When?

Registration is open up from February 3rd until March 31st 2016. The online bootcamp will take place from April 4th until May 1st 2016. You will be able to go through the material and submit the assignments in your own time and pace.

April 4th, 2016: MODULE 1 – Discover your capacity to innovate
April 13th, 2016: MODULE 2 – Define your innovation space
April 20th 2016: MODULE 3 –Develop your prototype
April 27th, 2016: MODULE 4 –Deliver your market solution

This bootcamp is developed by:
Bootcamp partners Inclusive Innovation

Register by clicking  going to https://iba.ventures/bootcamp/ and clicking on the REGISTER button at the bottom of the page. You need to be logged in to your IBA account to register, please create an account below if you are not an IBA member yet.

We hope to see you online soon!

The teams of Siemens Stiftung, Engineers for Change and the IB Accelerator

Join the bootcamp!

Download File (PDF)

Tags:  bootcamp  inclusive innovation  online 

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Have got an innovative solution to make SME finance work for the missing middle? DGGF/SCBDFacility may help you kick start!

Posted By Julia Brethenoux, Triple Jump, Monday, December 7, 2015

The Dutch Good Growth Fund (DGGF)/Financing Local SME is a “fund of fund” investment initiative from the Dutch Ministry of Foreign Affairs that aims to improve financing for the “missing middle” i.e. entrepreneurs that have outgrown micro financing but do not yet have access to regular financial services.

To this aim, DGGF has a Seed Capital and Business Development (SCBD) facility that can support innovative early-stage finance actions reaching underserved SME markets with up to 1 million Euros. The SCBD facility is especially interested in innovative, sustainable and scalable proposals that address one or more of the interrelated fundamental challenges of SME finance, namely high information asymmetry; lack of collateral; high transaction costs; and limited deal flow/growth potential. Of particular interest to SCBD are nascent finance vehicles that make SME finance work for female entrepreneurs, young entrepreneurs and entrepreneurs in fragile states.

Curious about the first SCBD transaction making debt financing available to African health SMEs? More details are available here 

You have an innovative SME finance solution just starting? DGGF/SCBD Facility might be able to support your efforts! More details about the opportunity, including application and selection process are available in the enclosed one pager.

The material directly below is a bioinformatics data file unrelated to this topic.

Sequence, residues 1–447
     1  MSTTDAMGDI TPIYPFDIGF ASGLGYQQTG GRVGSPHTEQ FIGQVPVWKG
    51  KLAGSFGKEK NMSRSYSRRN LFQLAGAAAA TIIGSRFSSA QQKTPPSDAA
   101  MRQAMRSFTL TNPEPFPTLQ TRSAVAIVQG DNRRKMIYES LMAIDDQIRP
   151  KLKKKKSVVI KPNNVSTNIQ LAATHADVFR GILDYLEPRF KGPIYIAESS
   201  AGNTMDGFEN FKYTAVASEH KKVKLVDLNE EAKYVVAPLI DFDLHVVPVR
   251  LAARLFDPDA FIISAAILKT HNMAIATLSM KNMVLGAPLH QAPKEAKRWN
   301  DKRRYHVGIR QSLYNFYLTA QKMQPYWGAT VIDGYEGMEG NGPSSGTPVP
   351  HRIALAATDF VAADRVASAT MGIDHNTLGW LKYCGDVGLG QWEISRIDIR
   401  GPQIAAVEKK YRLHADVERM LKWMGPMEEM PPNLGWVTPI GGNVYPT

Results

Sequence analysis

Twitter: Professionals eager to close the financing gap for the missing middle, follow @SCBDFacility

Download File (PDF)

Tags:  Access to Finance  DGGF  early stage ecosystem  Entrepreneurship  impact investing  impact investment  inclusive innovation  innovation  Private sector development  Women 

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IDEO.org's Urban Resilience Challenge: Add Your Ideas

Posted By IDEO.org, Tuesday, October 27, 2015

Almost 4 billion people live in the world’s cities. By 2045, that number is expected to reach 6 billion. As the earth gets warmer, sea levels rise and weather patterns become more erratic, the fates of billions will rest on the ability of cities to transform in response to these pressures. People living in urban slums already struggle to access safe housing, water and other basic resources, and will be disproportionately impacted by these changes.

We believe this presents a tremendous opportunity for design. How might urban slum communities become more resilient to the effects of climate change? Our fourth Amplify challenge focuses on the opportunity to design solutions that enable communities in urban slums to adapt, transform, and thrive as they meet the challenges presented by climate change. We're looking for solutions related to sanitation, water management, energy, communications technology, community development and more!

For the Urban Resilience Challenge, we're partnering with OpenIDEO, the UK Department for International Development and the Global Resilience Partnership. Winners of this challenge are eligible for a share of up to $800,000 in funding and technical design assistance to bring some the best ideas to life.

There's only ONE WEEK LEFT to add your idea (a few short paragraphs will do!) to be eligible to win the challenge, so check out the challenge and add your voice today: http://ideo.to/AmplifyURC

Tags:  communities  conflict affected states  East Africa  Entrepreneurship  Environment  inclusive innovation  innovation  Kenya  Poverty  Prize  social enterprise  Social Entrepreneurship  sustainability  West Africa  Women 

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Inclusive Innovation: From Idea to Impact

Posted By Nicolas Chevrollier, BoP Innovation Center, Tuesday, October 6, 2015

In the next month, BoPInc innovation experts will share insights on their inclusive innovation journey via blog posts on their experience in developing innovation in BoP markets.

1- What is inclusive innovation?

Inclusive Innovation is the entrepreneurial development of something new with impact together with low-income groups. Inclusive innovations create impact whether incremental or game changing and go beyond the pure invention process. They balance financial and social return for the entrepreneur or corporate company developing and implementing it as the objective is to create positive economic and social impact for entrepreneurs, corporate companies and consumers.

In this mini-serie of 4 blog posts that will be published this month, we will set the scene of what inclusive innovation is, of what defines an inclusive innovator and what processes and tools should be in place to successfully develop inclusive innovations. We will refer to tangible  inclusive innovations that BoPInc has helped to develop.